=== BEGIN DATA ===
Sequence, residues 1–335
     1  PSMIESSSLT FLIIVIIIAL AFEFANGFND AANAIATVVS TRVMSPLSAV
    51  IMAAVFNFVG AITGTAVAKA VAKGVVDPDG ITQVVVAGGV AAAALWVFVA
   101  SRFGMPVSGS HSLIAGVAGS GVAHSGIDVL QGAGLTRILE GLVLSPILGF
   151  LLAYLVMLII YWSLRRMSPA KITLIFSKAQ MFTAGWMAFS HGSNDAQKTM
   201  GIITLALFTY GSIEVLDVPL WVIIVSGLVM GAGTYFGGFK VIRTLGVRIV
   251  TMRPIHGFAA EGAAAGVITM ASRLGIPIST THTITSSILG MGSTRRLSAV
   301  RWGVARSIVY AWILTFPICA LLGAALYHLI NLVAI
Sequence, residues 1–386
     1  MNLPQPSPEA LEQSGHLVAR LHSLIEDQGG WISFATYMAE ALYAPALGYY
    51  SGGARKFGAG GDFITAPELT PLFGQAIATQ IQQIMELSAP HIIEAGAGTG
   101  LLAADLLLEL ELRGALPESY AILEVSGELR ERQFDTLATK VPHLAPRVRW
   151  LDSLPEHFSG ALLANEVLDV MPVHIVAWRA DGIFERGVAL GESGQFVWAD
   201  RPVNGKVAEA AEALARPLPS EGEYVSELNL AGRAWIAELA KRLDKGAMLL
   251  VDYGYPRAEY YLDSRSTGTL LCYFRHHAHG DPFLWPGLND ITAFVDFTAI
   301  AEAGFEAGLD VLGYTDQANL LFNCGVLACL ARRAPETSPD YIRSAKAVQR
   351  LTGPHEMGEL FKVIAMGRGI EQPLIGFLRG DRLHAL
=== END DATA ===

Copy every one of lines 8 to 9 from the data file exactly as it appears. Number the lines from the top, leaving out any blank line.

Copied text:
   301  RWGVARSIVY AWILTFPICA LLGAALYHLI NLVAI
Sequence, residues 1–386